WASHINGTON, Ill. — Dozens of tornadoes and intense thunderstorms swept across the Midwest on Sunday, leaving at least five people dead and unleashing powerful winds that flattened entire neighborhoods, flipped over cars and uprooted trees.
Illinois took the brunt of the fury as the string of unusually powerful late-season tornadoes tore across the state, injuring dozens and even prompting officials at Chicago’s Soldier Field to evacuate the stands and delay the Bears game.
An elderly man and his sister were killed when a tornado hit their home in the rural southern Illinois community of New Minden, said coroner Mark Styninger. A third person died in Washington, while two others perished in Massac County in the far southern part of the state, said Patti Thompson of the Illinois Emergency Management Agency. She did not provide details.
With communications difficult and many roads impassable, it remained unclear how many people were killed or hurt. The Illinois National Guard said it had dispatched 10 firefighters and three vehicles to Washington to assist with immediate search and recovery operations.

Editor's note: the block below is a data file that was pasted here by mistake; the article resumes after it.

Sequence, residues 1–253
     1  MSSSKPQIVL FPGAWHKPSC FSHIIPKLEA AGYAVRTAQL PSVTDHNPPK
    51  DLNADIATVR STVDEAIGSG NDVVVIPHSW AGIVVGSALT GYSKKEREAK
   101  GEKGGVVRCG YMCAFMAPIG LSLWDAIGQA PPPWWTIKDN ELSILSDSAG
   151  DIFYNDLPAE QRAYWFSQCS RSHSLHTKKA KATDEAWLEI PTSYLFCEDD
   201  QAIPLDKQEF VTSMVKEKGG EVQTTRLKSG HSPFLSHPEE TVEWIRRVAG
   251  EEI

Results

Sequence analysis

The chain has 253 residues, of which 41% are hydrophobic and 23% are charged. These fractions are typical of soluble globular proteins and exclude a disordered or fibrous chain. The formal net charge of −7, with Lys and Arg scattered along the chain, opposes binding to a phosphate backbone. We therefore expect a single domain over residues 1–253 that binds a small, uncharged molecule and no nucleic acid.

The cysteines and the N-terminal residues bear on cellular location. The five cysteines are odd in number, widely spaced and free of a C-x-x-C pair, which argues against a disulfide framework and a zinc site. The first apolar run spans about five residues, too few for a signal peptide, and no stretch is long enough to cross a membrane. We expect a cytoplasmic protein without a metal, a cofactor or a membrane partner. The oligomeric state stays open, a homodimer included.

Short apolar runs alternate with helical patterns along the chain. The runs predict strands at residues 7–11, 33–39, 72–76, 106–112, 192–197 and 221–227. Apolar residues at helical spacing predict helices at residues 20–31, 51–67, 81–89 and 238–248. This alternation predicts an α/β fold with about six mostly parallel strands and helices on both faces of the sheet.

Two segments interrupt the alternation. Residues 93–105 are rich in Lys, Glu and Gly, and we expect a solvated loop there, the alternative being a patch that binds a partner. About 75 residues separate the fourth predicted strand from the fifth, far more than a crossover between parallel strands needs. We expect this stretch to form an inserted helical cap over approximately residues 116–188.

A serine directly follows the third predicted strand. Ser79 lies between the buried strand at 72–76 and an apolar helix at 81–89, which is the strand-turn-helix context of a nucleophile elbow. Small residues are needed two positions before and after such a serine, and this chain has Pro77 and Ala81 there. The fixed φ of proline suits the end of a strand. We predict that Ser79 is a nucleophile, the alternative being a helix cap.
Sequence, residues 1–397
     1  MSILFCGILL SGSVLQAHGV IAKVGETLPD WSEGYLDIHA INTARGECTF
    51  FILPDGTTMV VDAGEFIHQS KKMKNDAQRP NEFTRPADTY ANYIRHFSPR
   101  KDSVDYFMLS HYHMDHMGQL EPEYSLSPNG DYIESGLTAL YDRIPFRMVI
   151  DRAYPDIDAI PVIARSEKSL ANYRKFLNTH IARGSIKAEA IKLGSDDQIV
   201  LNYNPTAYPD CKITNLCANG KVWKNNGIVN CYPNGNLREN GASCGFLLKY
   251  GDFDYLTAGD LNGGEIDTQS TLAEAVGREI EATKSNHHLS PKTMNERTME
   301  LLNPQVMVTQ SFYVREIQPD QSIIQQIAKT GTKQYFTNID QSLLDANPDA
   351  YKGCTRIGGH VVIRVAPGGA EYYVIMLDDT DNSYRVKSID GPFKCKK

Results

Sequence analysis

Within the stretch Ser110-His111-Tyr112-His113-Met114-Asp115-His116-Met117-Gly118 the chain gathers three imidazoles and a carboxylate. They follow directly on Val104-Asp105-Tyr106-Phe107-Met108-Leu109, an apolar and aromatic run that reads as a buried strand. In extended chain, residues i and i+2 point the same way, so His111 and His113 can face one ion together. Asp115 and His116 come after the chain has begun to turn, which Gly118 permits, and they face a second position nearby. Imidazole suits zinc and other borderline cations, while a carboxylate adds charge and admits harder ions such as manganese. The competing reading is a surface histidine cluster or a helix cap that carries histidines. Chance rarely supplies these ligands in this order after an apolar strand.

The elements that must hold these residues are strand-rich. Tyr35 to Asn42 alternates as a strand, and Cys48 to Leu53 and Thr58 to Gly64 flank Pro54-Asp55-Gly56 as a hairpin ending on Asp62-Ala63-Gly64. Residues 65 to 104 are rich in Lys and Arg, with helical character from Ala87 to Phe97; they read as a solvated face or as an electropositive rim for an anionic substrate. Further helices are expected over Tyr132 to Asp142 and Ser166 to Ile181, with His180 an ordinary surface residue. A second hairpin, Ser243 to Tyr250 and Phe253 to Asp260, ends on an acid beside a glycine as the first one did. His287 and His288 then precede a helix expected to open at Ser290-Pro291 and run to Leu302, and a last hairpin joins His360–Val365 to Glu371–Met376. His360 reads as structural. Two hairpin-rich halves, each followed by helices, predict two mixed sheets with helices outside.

Just how many tornadoes hit also was unclear. According to the National Weather Services’ website, a total of 65 tornadoes had struck, the bulk of them in Illinois. But meteorologist Matt Friedlein said the total might fall because emergency workers, tornado spotters and others often report the same tornado.
Still, when the weather service was issuing its warning that severe weather was bearing down on the Midwest, officials said the last such warning issued so late in the season in November came in 2005, and the result was an outbreak of 49 tornadoes.
The storm followed warnings by the weather service that the storm was simply moving too fast for people to wait until they saw it to get ready.
“This is a very dangerous situation,” said Russell Schneider, director of the weather service’s Storm Prediction Center. Some 53 million people in 10 states were “at significant risk for thunderstorms and tornadoes,” he said.
The storm also slammed through parts of Wisconsin, Indiana, Michigan, Ohio and Kentucky as it made its way east into the mid-Atlantic states on Sunday night.
The National Weather Service said Sunday night serious storms have moved out of Ohio and a statewide tornado watch has been cancelled.
More than 95,000 customers are without power after heavy winds from the unusually large and strong late-season storm system rolled through the state Sunday.
The storm caused damage to buildings and homes and downed many trees and power lines.
Friedlein said that such strong storms are rare this late in the year because there usually isn’t enough heat from the sun to sustain the thunderstorms. But he said temperatures Sunday were expected to reach into the 60s and 70s, which he said is warm enough to help produce severe weather when it is coupled with winds, which are typically stronger this time of year than in the summer.